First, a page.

Gazette-Mail editorial: Listen to Dr. Marsh: wear a mask in public

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Dr. Clay Marsh, West Virginia University's chief health officer and vice president for health sciences, speaks during a March 17 evening press conference at the Capitol.

Across West Virginia and the rest of the country, businesses and events are reopening and more people are venturing out. Some are traveling for vacations. And everyone is learning the coronavirus is still very much a threat to their health and safety, as case numbers are jumping and deaths continue to climb.

In California, Disneyland was poised to reopen its amusement parks in mid-July. That reopening has been postponed indefinitely, as restaurant and park workers express concern that it’s not safe to come back.

Across the country, colleges and universities are grappling with whether — and how — to bring students back to campus and are struggling mightily with a decision on possibly canceling the college football season — a massive source of revenue — as COVID-19 continues to spread. A professor of higher education at the University of Kentucky told The Washington Post he expects the decision to come late, adding that it will take one of the nation’s more prominent programs announcing it will not play for other teams to follow.

As for the general public, there are things people can do to stop or slow the spread of the virus as the country waits on a vaccine or medicine to treat COVID-19. They’re the same things public health officials have been advocating for months: Wear a mask in public places, frequently wash your hands, keep away from large crowds and keep 6 feet between yourself and others.

The mask thing has become a flashpoint over civil liberties, or, in some cases, the age-old retort of “You can’t tell me what to do.” In reality, though, the case for masks in public is pretty strong. The Philadelphia Inquirer, using data from the National Governors Association and The New York Times, reported states with mandatory mask policies saw a 25% drop in new cases between June 15-21. In states where masks were required of employees and patrons of businesses, cases dropped 12%. In states where masks are only required of workers at certain types of businesses, cases are up 70% over that same time period. And, in states where masks are recommended, but not required — of which West Virginia is one — new COVID-19 cases have spiked by 84%.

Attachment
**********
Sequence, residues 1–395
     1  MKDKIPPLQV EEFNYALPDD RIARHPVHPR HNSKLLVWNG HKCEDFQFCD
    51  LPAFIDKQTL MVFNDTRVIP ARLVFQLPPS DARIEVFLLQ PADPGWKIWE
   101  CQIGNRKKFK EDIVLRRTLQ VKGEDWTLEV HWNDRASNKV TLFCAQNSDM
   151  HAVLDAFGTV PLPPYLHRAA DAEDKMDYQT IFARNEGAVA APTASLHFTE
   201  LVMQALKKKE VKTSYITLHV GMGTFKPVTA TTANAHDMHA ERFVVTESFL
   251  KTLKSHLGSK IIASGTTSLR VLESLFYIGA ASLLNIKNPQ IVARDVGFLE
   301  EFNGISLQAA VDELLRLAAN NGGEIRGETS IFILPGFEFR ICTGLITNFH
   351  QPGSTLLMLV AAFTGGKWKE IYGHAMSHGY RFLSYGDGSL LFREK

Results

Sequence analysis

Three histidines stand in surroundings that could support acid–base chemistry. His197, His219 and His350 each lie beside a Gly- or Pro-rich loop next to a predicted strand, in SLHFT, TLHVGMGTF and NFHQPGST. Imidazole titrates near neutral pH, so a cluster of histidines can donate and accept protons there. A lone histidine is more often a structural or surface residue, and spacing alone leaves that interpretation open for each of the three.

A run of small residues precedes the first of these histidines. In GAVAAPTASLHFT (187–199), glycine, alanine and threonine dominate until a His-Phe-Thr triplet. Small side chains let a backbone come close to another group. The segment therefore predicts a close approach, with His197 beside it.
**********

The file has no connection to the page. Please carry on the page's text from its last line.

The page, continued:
As West Virginia coronavirus czar Dr. Clay Marsh has said continuously, if 80% of West Virginians would wear masks in public, the infection rate would slow to nearly nil.

Gov. Jim Justice says he’s reluctant to mandate masks. And enacting a policy like that does come with challenges. Still, the governor’s own COVID-19 czar is saying flat out that it substantially decreases the risk of people spreading the virus and states where a mandate is in place are seeing fewer new cases.

Common sense and basic respect for the well-being of fellow West Virginians should win out here, mandate or no. Wear a mask, because this virus isn’t going anywhere until there’s a vaccine or a cure, neither of which is guaranteed to arrive at a specific time.

By all means, live your life. But do it responsibly.

Funerals for Friday, July 3, 2020

Austin, Daniel - 12:30 p.m., Austin-Hope-McLeod Cemetery, Gallipolis Ferry.

Browning, James - 1:30 p.m., Pineview Cemetery, Orgas.

Cogar, Lela - 11 a.m., Dodd & Reed Funeral Home, Webster Springs.

Cook, Thermal - 1 p.m., Haven of Rest Memory Gardens, Red House.

Estep, Jerry - 2 p.m., Hafer Funeral Home, Elkview.

Grose, Violet - 2 p.m., Phillips Cemetery, Ovapa.

Hager, Vaughn - 2 p.m., Casto Funeral Home, Ravenswood.

Ratliff, Karen - 1 p.m., Leonard Johnson Funeral Home, Marmet.

Rose, Mary - 3 p.m., Mollohan Cemetery, Birch River.

Smith, Dorothy - 11 a.m., Tyler Mountain Memory Gardens.